Bloom, Sudan’s first YC-backed startup has secured a $6.5 million seed to expand across the Anglo-East African region.
Bloom, Sudan’s first YC-backed startup has secured a $6.5 million seed to execute its expansion plan across the Anglo-East African region such as Ethiopia, Kenya, Rwanda, Tanzania and Zambia.
“The plan is to scale in the country and then expand to other markets,” Bloom’s CEO Ahmed Ismail stated. “We anticipate being in at least one market before the end of the year and a couple more early next year.” Bloom will meet competitors like YC-backed Fingo, Koa and Finclusion who are currently in the region.
The round had the participation of Visa, Y Combinator, U.S.-based VCs Global Founders Capital (GFC) and Goodwater Capital and UAE-based early-stage firm VentureSouq. Other investors include angels; Arash Ferdowsi, Dropbox co-founder; Nicolas Kopp, former U.S. CEO of N26; footballers Blaise Matuidi and Kieran Gibbs; and early employees at Revolut and Tide.
Visa’s investment in the round is an incentive for Bloom’s participation in the global card scheme’s Fintech Fast Track Program. A partnership was formed, and as a result, Bloom — the first Sudanese startup to get admitted into the program — switched its cards from Mastercard to Visa.
Ahmed Ismail, Bloom’s CEO said that “the Visa investment is critical for companies like us for a couple of reasons. One, aligning with Visa as a partner gives you a bunch of benefits, launching products faster, marketing support and product support; and two, in addition to the investment, Visa Fintech Fast Track enables you to access these incentives in a streamlined way.”
Accelerating Visa cards adoption in Sudan and East Africa
This investment and partnership between Bloom and Visa have the possibility to drive the adoption of Visa cards in Sudan and East Africa, TechCrunch reported. In addition, Visa’s suite of products and services will provide customers with a secure and fast way to make online payments.
“Visa is taking the lead as a first mover in digital payments in Sudan. We are committed to being a part of Sudan’s economic transformation by bringing our global expertise and capabilities to its government and private-sector partners,” Ahmed Mohey, Visa country general manager for Sudan and Libya said. “Together with Bloom, we will continue to drive acceptance of digital payments while finding opportunities to launch new products and services to Sudanese customers and merchants.”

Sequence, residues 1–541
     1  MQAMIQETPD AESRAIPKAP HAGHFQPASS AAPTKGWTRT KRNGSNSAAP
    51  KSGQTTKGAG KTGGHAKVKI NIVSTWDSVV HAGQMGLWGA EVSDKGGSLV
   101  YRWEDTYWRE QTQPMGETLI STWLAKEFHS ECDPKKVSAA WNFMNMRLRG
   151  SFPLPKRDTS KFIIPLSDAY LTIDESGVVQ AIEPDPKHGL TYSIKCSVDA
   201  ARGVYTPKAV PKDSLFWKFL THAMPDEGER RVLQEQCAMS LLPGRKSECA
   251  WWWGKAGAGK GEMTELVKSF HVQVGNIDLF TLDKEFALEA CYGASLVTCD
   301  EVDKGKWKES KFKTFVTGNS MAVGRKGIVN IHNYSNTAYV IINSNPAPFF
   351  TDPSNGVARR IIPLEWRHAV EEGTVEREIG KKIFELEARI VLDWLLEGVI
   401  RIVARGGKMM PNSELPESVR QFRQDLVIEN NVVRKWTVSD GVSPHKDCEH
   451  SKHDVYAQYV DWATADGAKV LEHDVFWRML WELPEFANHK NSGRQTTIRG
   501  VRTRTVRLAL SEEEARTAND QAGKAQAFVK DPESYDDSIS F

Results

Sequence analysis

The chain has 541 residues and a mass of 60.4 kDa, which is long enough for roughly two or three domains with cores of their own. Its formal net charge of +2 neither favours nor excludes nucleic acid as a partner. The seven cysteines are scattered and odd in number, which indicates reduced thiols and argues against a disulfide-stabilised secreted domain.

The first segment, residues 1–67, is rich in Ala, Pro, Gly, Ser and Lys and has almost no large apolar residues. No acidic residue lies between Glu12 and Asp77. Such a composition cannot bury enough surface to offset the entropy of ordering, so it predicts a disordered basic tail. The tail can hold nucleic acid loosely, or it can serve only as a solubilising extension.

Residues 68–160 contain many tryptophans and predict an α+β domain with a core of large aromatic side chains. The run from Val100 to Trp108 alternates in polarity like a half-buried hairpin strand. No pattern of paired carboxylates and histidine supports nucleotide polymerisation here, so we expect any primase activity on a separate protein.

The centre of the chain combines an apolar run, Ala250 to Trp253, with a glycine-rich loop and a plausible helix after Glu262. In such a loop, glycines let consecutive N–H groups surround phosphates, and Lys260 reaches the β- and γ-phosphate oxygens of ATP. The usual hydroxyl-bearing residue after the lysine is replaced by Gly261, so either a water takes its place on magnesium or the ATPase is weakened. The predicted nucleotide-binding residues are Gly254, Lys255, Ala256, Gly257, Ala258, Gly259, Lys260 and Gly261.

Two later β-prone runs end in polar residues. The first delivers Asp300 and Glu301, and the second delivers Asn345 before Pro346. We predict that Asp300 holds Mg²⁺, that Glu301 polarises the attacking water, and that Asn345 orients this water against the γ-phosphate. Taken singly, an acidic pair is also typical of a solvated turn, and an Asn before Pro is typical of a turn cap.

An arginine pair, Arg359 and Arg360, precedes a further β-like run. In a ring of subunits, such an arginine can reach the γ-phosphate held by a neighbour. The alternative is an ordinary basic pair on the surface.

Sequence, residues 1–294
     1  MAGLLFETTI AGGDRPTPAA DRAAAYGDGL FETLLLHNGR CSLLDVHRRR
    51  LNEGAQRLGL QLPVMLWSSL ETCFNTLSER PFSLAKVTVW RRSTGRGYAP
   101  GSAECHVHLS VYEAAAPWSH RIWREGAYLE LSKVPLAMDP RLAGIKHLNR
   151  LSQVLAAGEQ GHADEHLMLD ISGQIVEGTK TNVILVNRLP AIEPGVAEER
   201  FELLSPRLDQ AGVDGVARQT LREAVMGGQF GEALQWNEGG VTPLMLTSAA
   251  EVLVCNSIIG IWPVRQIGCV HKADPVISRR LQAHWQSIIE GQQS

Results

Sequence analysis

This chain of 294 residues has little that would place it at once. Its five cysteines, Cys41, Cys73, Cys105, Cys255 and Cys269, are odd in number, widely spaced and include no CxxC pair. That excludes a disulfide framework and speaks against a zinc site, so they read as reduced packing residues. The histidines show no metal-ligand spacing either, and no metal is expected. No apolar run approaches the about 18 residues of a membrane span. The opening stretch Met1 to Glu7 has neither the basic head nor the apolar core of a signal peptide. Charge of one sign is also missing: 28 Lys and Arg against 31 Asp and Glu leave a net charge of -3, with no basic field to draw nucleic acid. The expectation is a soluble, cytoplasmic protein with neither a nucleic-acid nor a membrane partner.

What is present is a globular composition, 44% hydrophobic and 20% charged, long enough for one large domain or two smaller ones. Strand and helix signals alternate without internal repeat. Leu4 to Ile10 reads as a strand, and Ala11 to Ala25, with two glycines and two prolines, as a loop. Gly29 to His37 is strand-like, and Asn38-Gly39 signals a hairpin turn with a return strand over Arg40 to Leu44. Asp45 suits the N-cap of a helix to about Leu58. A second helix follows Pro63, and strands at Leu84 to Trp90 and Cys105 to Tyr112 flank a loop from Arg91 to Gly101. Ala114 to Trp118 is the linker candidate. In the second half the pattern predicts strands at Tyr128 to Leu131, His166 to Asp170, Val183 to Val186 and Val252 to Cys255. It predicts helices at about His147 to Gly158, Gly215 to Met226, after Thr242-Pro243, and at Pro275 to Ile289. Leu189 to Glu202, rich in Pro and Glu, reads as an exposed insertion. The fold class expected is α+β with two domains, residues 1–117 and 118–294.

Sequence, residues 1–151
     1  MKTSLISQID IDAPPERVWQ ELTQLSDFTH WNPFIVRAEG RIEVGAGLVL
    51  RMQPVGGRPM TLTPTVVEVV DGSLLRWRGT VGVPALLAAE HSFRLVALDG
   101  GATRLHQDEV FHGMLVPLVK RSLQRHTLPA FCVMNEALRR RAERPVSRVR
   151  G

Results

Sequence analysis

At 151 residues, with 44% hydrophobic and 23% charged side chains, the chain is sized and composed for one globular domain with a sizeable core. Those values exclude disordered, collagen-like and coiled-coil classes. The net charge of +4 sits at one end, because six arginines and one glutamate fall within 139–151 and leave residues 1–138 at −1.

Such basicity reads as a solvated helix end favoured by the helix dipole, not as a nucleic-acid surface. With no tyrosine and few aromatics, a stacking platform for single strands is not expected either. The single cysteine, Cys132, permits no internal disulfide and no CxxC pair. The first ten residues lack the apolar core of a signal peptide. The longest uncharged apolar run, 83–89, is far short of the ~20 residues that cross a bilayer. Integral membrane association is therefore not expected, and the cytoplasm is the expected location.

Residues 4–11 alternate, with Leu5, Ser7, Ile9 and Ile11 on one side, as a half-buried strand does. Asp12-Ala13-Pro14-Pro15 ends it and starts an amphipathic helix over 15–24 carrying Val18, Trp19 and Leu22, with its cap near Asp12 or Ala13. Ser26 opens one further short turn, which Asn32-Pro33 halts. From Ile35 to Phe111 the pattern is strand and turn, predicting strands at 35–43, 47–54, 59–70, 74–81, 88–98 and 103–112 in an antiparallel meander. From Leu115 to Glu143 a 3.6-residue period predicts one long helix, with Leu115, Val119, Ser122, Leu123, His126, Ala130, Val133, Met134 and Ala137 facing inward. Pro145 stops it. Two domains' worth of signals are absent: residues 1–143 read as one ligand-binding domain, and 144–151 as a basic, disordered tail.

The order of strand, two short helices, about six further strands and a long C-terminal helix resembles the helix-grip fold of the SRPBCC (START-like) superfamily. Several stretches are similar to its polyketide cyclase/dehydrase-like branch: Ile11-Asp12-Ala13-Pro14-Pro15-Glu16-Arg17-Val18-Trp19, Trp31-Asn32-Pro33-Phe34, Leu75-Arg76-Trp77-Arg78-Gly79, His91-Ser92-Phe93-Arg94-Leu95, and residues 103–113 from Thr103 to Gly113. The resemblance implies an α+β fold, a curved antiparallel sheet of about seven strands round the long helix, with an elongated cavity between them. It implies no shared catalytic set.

Bloom’s latest funding is arguably the largest seed round in Sudan. East Africa has a population of over 500 million people, with a median age of 18 and a fast-growing middle class. But the region’s currencies, including the Sudanese pound, are volatile and depreciate 15% to 20% per annum on average.
The company wants to help Sudanese individuals hedge against this rising devaluation. It offers a “high-yield” savings account, free FX and adjacent digital banking services so customers can save in a stable currency, the dollar, and spend as they go in local currencies. Bloom was founded by Ahmed Ismail, Youcef Oudjidane, Khalid Keenan and Abdigani Diriye in late 2021.
With a history of anti-authoritarian protests, internet shutdowns, and military coups, Sudan has worn a negative perception for a while, leveraging consumer demand, Bloom wants to write a positive narrative for the country and the continent.
Sudan’s first Y Combinator startup
Bloom was part of the Y Combinator’s Winter 2022 startup batch. After launching from stealth in March 2021, the company raised a pre-seed in September 2021 from Global Founders Capital, Goodwater Capital and some football players, including Blaise Matuidi.